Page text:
LONDON (Reuters) - Small Bradford & Bingley shareholders fear that like investors in Northern Rock they stand to lose everything after the government bailed out the bank with a mixture of nationalisation and asset disposals.
The UK Shareholders Association said on Monday it had received 300 complaints from private Bradford & Bingley shareholders who have received no communication from the government about the fate of their holdings.
“The government has confiscated 1.5 billion pounds in assets and haven’t said what they’re going to do with it,” a spokesman at the UK body told Reuters.
The Treasury announced plans to take the bank’s 50 billion pound mortgage book under public administration last week and sell its deposits and branches to Spain’s Santander.
Shareholders are aggrieved that the move occurred only months after they were tapped for 400 million pounds via the group’s rights issue in July.
“The view of Bradford & Bingley shareholders is that it was a sound company and worth preserving. It could have been saved,” the group’s spokesman said.
Chancellor Alistair Darling told parliament on Monday that it was impossible to say what, if anything, would be left for Bradford & Bingley investors.
“We will do what is right, but at this stage it’s really quite impossible to say what is left, because this bank does have a lot of assets which are not worth a lot at the end of the day,” Darling said during a statement on the financial crisis.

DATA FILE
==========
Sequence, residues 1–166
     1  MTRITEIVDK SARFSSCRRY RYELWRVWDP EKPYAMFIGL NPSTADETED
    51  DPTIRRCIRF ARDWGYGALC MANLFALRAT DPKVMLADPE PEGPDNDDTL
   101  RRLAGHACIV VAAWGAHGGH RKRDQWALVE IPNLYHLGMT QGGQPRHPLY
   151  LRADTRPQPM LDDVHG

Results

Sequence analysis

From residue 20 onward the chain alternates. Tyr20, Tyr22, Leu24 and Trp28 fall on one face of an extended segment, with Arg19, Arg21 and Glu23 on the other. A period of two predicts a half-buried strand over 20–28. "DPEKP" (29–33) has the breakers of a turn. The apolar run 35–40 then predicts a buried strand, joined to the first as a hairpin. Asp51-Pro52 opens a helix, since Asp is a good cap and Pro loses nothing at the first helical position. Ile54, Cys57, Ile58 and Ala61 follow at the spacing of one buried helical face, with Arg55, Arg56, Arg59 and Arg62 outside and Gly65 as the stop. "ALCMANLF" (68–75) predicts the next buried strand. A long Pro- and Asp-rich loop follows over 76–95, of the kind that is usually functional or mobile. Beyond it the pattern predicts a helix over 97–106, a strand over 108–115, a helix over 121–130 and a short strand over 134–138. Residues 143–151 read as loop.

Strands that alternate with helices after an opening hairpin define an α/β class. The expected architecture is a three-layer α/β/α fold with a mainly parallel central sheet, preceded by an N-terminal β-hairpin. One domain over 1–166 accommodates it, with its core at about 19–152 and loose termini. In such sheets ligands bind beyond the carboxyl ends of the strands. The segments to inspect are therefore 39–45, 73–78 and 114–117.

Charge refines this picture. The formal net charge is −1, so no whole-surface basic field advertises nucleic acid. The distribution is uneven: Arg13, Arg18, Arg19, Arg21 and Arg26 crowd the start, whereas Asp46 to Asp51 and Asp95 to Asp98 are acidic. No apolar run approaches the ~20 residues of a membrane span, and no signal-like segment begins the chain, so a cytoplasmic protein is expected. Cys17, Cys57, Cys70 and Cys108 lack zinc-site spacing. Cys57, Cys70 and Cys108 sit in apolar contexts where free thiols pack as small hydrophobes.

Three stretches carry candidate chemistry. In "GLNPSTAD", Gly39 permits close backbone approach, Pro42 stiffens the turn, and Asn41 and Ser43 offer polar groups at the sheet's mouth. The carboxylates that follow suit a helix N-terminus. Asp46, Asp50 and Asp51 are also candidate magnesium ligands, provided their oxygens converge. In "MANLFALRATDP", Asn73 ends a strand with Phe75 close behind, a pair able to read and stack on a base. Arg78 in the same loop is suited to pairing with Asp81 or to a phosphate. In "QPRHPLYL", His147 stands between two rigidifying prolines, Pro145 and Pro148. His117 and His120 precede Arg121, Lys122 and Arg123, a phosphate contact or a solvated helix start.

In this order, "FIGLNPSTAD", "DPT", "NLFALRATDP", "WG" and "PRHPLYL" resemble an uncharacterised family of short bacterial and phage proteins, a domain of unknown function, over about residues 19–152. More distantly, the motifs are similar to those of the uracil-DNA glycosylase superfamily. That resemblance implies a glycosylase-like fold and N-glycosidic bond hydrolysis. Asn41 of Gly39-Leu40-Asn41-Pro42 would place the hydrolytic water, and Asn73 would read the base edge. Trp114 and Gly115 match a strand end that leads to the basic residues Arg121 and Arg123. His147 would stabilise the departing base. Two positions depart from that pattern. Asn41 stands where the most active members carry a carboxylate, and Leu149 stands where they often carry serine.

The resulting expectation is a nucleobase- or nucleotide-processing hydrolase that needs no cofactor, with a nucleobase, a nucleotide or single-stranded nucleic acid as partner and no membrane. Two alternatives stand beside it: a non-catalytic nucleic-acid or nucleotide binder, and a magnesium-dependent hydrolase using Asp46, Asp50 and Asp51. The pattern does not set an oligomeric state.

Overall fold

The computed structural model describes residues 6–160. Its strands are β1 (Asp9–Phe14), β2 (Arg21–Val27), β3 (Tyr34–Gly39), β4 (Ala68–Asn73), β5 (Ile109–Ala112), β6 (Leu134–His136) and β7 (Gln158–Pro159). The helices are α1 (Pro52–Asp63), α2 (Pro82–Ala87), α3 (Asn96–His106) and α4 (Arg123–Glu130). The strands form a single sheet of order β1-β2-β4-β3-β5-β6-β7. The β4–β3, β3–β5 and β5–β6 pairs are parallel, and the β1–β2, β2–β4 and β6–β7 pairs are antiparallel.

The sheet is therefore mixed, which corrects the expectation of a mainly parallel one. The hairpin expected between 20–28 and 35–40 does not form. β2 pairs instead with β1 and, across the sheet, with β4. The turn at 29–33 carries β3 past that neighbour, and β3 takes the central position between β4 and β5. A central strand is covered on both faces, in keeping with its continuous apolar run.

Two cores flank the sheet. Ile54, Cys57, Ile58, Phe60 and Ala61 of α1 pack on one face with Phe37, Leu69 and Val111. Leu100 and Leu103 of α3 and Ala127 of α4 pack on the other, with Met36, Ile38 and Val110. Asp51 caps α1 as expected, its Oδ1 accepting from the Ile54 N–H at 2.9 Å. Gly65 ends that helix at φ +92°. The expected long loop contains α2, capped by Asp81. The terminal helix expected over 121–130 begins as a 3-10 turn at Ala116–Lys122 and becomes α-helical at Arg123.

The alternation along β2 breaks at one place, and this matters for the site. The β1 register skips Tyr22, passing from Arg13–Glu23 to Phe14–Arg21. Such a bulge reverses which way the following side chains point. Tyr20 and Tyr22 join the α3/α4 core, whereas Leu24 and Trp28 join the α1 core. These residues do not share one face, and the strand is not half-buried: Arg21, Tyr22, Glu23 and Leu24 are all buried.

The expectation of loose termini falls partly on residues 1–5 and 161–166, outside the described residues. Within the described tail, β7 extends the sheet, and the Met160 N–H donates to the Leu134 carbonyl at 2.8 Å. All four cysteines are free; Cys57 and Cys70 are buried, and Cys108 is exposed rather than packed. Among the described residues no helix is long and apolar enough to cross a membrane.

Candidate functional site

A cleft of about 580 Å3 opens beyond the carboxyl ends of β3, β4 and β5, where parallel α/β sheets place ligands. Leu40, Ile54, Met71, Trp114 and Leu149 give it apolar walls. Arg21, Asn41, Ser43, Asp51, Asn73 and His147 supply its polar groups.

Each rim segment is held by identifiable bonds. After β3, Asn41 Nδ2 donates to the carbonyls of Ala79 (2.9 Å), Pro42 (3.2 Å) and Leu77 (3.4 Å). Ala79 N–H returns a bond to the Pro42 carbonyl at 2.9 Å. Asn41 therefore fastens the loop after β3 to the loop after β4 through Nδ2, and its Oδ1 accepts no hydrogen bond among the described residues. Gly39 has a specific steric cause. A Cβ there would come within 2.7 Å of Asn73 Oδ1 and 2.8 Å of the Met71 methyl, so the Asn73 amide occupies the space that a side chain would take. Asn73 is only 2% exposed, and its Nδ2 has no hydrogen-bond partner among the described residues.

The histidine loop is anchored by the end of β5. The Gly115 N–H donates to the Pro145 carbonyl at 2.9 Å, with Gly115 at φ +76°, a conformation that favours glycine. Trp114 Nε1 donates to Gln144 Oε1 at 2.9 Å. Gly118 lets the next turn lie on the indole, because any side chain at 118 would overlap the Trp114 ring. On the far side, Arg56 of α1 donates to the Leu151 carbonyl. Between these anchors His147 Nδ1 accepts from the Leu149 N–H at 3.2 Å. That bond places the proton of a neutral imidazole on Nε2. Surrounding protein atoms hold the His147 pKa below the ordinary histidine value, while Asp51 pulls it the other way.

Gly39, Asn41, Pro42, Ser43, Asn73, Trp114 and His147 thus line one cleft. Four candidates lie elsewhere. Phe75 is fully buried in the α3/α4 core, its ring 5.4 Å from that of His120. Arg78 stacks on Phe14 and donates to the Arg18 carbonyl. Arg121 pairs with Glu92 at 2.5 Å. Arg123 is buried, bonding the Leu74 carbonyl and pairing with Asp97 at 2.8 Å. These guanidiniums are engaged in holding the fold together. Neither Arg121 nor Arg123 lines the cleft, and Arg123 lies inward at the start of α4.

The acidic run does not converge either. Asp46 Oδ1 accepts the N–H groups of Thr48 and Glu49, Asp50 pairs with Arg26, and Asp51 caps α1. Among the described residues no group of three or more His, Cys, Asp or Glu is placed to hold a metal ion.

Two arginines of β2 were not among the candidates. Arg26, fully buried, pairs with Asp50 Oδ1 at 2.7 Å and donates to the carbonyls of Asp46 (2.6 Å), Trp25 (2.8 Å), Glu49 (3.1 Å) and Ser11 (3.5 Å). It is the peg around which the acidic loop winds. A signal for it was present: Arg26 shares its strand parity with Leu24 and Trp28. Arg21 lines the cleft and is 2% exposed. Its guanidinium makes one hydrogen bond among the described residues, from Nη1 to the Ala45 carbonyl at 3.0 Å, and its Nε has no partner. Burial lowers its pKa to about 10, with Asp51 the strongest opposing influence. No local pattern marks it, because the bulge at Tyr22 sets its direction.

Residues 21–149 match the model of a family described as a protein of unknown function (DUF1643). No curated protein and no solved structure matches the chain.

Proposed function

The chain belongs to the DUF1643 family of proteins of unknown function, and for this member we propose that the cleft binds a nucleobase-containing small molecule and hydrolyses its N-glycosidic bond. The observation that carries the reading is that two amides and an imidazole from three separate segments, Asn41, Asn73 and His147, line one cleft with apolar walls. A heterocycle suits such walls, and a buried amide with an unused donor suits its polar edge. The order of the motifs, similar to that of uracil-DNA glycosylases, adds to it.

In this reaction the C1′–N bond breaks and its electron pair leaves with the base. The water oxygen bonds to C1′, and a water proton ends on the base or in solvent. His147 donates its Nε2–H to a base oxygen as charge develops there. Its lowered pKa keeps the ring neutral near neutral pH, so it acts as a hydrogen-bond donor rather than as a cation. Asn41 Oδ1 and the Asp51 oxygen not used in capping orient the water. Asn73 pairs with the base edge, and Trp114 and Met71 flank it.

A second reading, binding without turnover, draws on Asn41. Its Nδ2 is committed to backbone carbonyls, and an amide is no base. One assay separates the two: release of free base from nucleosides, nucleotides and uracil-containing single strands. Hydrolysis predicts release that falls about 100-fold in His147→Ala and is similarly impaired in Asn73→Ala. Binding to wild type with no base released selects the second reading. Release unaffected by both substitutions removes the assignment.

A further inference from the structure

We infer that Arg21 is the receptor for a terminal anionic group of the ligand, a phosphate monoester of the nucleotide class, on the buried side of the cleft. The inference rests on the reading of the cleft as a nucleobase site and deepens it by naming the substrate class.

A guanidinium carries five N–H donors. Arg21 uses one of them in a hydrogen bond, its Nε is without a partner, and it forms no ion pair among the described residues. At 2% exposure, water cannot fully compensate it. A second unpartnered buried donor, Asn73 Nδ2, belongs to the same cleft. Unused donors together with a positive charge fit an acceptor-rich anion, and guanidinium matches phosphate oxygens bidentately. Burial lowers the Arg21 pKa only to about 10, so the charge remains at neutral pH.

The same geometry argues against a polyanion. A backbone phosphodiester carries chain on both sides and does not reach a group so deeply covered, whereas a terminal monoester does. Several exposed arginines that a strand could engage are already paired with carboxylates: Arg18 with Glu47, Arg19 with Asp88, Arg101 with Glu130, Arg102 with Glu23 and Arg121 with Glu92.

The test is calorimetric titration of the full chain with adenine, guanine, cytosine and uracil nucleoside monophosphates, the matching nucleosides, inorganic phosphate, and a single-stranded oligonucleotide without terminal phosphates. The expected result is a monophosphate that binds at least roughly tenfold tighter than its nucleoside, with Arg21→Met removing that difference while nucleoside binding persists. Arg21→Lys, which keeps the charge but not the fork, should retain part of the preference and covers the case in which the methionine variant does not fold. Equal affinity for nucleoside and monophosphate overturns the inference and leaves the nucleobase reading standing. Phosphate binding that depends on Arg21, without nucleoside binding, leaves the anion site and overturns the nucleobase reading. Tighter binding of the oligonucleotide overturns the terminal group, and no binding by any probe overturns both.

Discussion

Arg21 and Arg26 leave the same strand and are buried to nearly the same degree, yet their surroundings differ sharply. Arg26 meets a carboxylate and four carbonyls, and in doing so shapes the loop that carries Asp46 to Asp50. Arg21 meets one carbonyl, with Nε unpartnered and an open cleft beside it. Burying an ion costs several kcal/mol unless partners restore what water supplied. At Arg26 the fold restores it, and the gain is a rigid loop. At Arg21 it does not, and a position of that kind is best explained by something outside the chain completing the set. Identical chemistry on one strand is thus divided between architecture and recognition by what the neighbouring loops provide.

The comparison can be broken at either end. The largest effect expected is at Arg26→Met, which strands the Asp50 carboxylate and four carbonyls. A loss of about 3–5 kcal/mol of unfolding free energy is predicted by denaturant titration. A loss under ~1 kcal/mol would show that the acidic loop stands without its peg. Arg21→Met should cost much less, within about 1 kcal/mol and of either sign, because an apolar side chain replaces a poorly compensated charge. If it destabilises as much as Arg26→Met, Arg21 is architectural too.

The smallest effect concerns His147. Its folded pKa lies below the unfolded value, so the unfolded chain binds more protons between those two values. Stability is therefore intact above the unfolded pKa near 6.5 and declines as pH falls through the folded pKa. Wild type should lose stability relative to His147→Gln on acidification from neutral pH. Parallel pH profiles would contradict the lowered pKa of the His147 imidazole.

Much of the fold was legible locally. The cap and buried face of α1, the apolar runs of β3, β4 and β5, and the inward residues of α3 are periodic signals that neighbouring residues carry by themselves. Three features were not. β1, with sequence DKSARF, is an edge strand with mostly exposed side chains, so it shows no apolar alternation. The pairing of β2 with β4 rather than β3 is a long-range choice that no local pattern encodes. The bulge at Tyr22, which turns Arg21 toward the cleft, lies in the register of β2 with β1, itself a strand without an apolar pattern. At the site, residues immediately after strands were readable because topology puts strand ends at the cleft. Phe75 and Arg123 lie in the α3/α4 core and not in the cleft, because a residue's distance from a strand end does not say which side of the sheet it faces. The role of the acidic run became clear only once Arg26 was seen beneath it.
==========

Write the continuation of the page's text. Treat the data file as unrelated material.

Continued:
Retail shareholders, with stakes of less than 10,000 shares, made up 25 percent of Bradford & Bingley’s shareholder base after the rights issue. It was 45 percent before the issue, but mainly institutional investors backed the fund raising.
Shareholders argue the bank was well capitalised and the government should have considered less extreme measures.
The government’s rescue plan for B&B aimed to stem contagion from the financial crisis.
“The stability of the system comes first,” Prime Minister Gordon Brown told the BBC last week.
But shareholders said the reasons behind the nationalisation were opaque.
“For some reasons that we’re not clear on, they (the government) chose not to save B&B. They chose to dismantle it instead. We’d like some explanation as to why,” he said.
Bradford & Bingley was one of Britain’s largest buy-to-let and self-certified mortgage lenders and relied heavily on increasingly expensive wholesale borrowing for its funding.
Small shareholders now fear that they will be left empty-handed, similar to shareholders in Northern Rock, which the government nationalised after a run on the bank.
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